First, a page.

03. Hannah Wants
Ever since her noisy splash into the house scene a few short years ago, Hannah Wants has garnered attention as an adept deck-master. Her performance at Freaky Deaky shows a prime example of why that attention is well-deserved. From start to finish, Wants’ set was a shuffle dancer’s dream come true, as she packed it full of back-to-back jack-your-body house jams. Near the end of her set, she went “In for the Kill” and had the entire audience singing the introduction to La Roux’s cult classic in a cathartic release before dropping a final dance break onto an eagerly awaiting crowd. I know I’ll be anxiously awaiting my next opportunity to catch a Hannah Wants set! –Taylor Mock
02. Vic Mensa
Bringing hip-hop into the EDM landscape wasn’t an easy feat for all the emcees that arrived to Freaky Deaky over the weekend. Whereas, most DJs offer a seamless 60-minute sonic exploration, rappers by and large prefer to spend about as much time talking between songs as they actually do performing them. Those constant breaks can be a drag when coming down from an A-Trak performance. Backed by a duo of costumed live musicians, Chicago’s Vic Mensa excelled amidst this Venn diagram of beatscapes.
With the entire city on his side, Mensa could have literally walked through the crowd just dousing faces with Patron because the audience had zero issues hitting the verses of “No Chill”, “Down on My Luck”, “Holy Holy”, and “You Mad”. Keeping the set fresh, Mensa did deliver a new track, likely entitled “Vertical”, for the raucous hometown crowd who were happy to comply with the orders. Not the first of the day to do so, Mensa and co. offered a rendition of Nirvana’s “Smells Like Teen Spirit”. In doing so, the 22-year-old spoke on the impact of Kurt Cobain and Nirvana’s nearly universal message. A message of disenchantment still pulsing strong through the lifeblood of Chicago’s under-served youth. –Derek Staples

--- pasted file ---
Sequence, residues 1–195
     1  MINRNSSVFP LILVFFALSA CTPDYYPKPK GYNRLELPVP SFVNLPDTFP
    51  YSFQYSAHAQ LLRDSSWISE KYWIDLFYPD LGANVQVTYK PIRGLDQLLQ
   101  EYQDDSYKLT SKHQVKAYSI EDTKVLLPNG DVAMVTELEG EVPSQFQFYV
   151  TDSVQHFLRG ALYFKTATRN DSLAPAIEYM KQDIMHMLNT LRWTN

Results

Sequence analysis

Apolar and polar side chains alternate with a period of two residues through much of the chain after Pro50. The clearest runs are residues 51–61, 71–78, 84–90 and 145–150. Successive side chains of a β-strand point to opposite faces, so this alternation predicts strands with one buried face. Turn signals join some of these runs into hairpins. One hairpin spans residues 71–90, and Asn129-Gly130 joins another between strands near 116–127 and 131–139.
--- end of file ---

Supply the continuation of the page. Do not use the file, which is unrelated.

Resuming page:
01. Flying Lotus
FlyLo started the weekend off right with signature body-melting bass and psychedelic beats that I’ve come to eagerly anticipate. He cozied up to the audience by showing a Chicago favorite some love. Chance the Rapper’s vocals added the perfect cadence to a hair-raising, freaky sideshow soundtrack. Flying Lotus’ complete command over the crowd was best demonstrated when well-timed paper strings floated over the audience, transforming us all into his creepily-clad puppets, then moving us in sync to rapid-fire drums that soon melted into a smooth, sexy bassline, all with a knowing grin on his face. After every FlyLo set, I always feel as though I’ve traveled through the trippy dreamscapes that comprise his limitless musical imagination. Doubtless others were feeling it, too, as I witnessed dinosaurs, tigers, and other starry-eyed creatures trickling from The Big Top as though they were waking from a lucid dream. –Taylor Mock
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Photographer: Derek Staples